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Theatre Nurse jobs: frequently asked questions
Welcome to our Theatre Nurse jobs page, featuring all the latest roles throughout the UK, as well as frequently asked questions below.
What is a Theatre Nurse?
Theatre Nurses work within hospital operating theatres and recovery units, caring for patients before, during and after surgery.
They work within a perioperative team alongside surgeons, anaesthetists, operating department practitioners and support staff.
Most Theatre Nurses work on rotation – which means they move from one specialist area of theatre nursing to another.
But some do focus on one specific area, such as anaesthetics or post-surgery care.
Perioperative care is normally divided into four distinct areas: preoperative, anaesthetics, surgical phase and recovery phase.
What are the daily responsibilities of a Theatre Nurse?
What Theatre Nurses do on a day-to-day basis can vary according to their specialism. But typically their duties include:
• Preparing patients for operations
• Explaining the risks and benefits of the surgery
• Anaesthetist support
• Preparing specialist equipment, devices and drugs
• Supporting the surgeon with needles, swabs and instruments
• Co-ordinating the surgical team with other parts of the hospital
• Patient assessments in all phases
• Working and communicating with patients’ families
Theatre Nurses don’t necessarily work in the same round-the-clock manner as General Nurses. Instead, they tend to work in varied shift patterns, and a full-time role requires 37.5 hours of work a week.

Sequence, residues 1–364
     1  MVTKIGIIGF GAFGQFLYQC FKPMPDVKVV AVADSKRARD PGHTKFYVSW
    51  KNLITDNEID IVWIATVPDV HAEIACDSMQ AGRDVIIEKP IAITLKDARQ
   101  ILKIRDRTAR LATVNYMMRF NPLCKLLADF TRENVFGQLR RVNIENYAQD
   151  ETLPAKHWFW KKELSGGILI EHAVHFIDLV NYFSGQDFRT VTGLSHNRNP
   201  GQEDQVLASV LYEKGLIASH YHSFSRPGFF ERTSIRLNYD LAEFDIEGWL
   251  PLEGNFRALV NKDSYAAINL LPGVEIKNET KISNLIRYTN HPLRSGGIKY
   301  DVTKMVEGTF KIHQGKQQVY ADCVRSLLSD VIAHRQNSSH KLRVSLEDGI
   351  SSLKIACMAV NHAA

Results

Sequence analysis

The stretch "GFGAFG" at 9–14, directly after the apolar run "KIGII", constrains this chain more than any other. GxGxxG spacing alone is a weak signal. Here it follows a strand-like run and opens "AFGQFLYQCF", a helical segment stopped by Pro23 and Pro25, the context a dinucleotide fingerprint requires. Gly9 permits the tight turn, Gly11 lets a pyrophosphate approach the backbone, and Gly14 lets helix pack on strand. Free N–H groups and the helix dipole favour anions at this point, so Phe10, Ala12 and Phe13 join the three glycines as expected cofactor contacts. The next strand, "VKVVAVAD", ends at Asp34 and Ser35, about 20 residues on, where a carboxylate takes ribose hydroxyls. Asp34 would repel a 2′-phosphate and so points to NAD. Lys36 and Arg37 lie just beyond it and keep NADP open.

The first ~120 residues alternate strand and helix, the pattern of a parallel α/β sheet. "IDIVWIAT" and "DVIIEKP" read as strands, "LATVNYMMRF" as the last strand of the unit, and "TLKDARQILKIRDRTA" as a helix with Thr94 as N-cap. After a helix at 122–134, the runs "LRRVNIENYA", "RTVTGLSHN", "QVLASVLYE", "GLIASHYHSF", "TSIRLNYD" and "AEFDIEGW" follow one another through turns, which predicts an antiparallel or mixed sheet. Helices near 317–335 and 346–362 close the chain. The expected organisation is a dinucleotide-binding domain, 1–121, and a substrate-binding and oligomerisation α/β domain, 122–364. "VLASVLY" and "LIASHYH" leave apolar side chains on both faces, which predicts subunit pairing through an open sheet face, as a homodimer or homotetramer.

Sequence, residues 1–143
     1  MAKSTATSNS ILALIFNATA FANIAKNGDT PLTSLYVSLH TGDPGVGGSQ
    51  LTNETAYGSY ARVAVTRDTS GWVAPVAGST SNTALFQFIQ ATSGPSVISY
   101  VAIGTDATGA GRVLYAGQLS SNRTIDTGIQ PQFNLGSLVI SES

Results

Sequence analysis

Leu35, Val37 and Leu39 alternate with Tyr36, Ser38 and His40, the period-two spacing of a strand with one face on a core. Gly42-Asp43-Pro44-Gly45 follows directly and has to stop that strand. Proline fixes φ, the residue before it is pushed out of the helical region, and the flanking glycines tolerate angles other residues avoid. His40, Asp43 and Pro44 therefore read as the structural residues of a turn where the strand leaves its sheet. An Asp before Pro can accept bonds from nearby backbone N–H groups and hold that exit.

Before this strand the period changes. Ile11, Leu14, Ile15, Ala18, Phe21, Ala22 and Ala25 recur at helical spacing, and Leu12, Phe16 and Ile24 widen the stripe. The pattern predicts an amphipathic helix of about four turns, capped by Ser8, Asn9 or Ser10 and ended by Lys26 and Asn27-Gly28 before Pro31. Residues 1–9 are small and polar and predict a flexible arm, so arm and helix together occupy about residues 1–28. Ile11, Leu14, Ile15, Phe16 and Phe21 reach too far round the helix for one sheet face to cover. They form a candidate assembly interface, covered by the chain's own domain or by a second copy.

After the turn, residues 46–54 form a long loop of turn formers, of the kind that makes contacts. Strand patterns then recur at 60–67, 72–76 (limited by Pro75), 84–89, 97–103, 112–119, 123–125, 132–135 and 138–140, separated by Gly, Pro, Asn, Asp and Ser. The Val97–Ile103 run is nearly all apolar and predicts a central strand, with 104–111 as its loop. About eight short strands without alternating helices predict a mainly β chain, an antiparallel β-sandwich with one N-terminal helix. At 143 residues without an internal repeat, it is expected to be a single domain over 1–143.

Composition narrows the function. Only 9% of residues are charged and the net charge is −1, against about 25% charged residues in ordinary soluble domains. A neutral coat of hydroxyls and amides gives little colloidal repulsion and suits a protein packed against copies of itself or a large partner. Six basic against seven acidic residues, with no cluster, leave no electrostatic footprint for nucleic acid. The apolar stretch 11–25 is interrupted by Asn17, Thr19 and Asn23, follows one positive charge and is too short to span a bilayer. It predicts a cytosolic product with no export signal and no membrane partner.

What qualifications do you need to become a Theatre Nurse?
To begin with, you need to be registered with the Nursing & Midwifery Council (NMC).
And to be eligible to register you need to complete a nursing degree in any of these four core areas: adult, child, mental health and learning disabilities.
Once NMC registered, you can often apply directly for theatre nursing roles without any specialist training.
In that scenario, you’re likely to undertake training as soon as you start the role.
You’ll then blend a mix of practice and theory into your studies.
How much do Theatre Nurses earn?
Theatre Nurses start at a Band 5 salary, meaning you will start (with less than 1 years experience) on £24,907 a year currently – rising incrementally every year until you reach the top of your banding. (Latest pay figures by band and years experience is here.)
This salary remains the same regardless of your specialist area of care.
From there, more experience and qualifications can help you to work your way up into higher bandings.
Band 6 salaries can reach almost £38,000, and Band 7 salaries peak beyond £44,000.
These are the salaries potentially earned by Senior Theatre Nurses and Theatre Practitioners.
But Theatre Nurses can also choose to work in the private sector.
Here, salaries are unregulated so what you earn can vary from one job to the next.
Bank or agency nursing is also an option.
In terms of salary, this can in some cases become very lucrative, with high day rates available.
Flexibility is a big attraction too.
But your success depends greatly on how much experience you already have.
Find your next Theatre Nurse job today
View our latest roles above, or if you can’t find what you’re looking for, create an account and register your CV here and we’ll send you the latest roles as soon as they come up.